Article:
It was dusk as I crept up on Wickamore - the sand and the sundowner working together to make Main Street look blood-red.

When they later asked me about that day, I had to be honest and say I didn’t remember seeing the sign at first. I was so busy looking at the dying sun, that I didn’t notice it - even although it was big, real big, and hanging from the Town Hall.
I pushed on the brakes so hard when I finally read it.
It said: ‘For God’s sake don't come here. Turn back.’

bobby stevenson 2016

Tuesday, 5 July 2016

Mole Hills and Mountains



Olivia had been playing out in the yard when she’d heard a door bang in the house. As she got nearer to the porch, she could hear her Grandpa hollerin’ about this and that but mostly about Old Chief Makkawaw who lived up on Old Creek Road. Then her Grandpa slammed the door again. This kind of thing wasn’t like her Grandpa at all, so Olivia guessed he was in a real bad mood.

Olivia did what she usually did on those occasions, she crawled under the house and listened to her Grandpa and Grandma talking through the floorboards.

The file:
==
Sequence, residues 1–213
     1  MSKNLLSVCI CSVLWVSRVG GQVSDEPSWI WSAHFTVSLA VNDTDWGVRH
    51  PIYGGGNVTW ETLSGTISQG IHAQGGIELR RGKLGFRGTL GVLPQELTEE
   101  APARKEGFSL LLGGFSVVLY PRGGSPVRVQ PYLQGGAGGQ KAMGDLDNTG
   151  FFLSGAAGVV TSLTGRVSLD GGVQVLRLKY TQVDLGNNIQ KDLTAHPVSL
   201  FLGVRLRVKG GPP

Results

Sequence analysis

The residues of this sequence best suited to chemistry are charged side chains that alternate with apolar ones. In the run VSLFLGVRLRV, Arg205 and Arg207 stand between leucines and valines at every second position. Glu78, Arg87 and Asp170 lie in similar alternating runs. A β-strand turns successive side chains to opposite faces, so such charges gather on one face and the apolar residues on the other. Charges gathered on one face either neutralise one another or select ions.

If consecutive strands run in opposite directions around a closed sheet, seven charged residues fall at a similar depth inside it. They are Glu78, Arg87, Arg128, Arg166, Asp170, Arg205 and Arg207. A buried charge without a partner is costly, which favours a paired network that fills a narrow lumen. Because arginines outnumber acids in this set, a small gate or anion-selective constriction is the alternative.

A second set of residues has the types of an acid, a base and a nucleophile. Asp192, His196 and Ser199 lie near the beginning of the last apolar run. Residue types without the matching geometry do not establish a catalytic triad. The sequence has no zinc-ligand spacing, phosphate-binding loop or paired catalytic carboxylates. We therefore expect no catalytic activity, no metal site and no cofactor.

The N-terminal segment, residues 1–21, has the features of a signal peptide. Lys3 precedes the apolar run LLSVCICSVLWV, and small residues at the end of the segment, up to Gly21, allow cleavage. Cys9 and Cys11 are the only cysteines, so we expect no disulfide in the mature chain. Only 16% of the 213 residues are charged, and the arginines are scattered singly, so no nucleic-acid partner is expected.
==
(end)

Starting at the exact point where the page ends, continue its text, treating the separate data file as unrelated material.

When her Grandparents were walking up and down she would only be able to make out some of the conversations. This time she was sure her Grandpa was upset with the Old Chief, as he was making mountains out of mole hills.

It took a lot of things to impress Olivia, who felt she was a real hard customer to fool (leastways that’s what her Daddy had told her).But she knew she couldn’t let this opportunity pass and decided that after her lunch she was going to go up to the Old Creek Road to see what the Chief was doing.

By one o’clock, Olivia was sitting real comfortable on the Old Creek Road waiting for the Chief to do his thing. It was just then that Joe, the boy from her class in school, happened to pass by.
“What cha doin’?” He asked Olivia.
“Why I’m waiting on the Old Chief, I hear he turns mole hills into mountains, and I want to see him doin’ it,” she said, excitedly.

And Joe was kinda sorry that he’d agreed to help his Pa on the farm and someone making mountains was just what a boy like him would be wanting to see. He told Olivia that she should remember everything, and that she was to tell him all about it at school the following day.

“See ya,” he shouted to Olivia.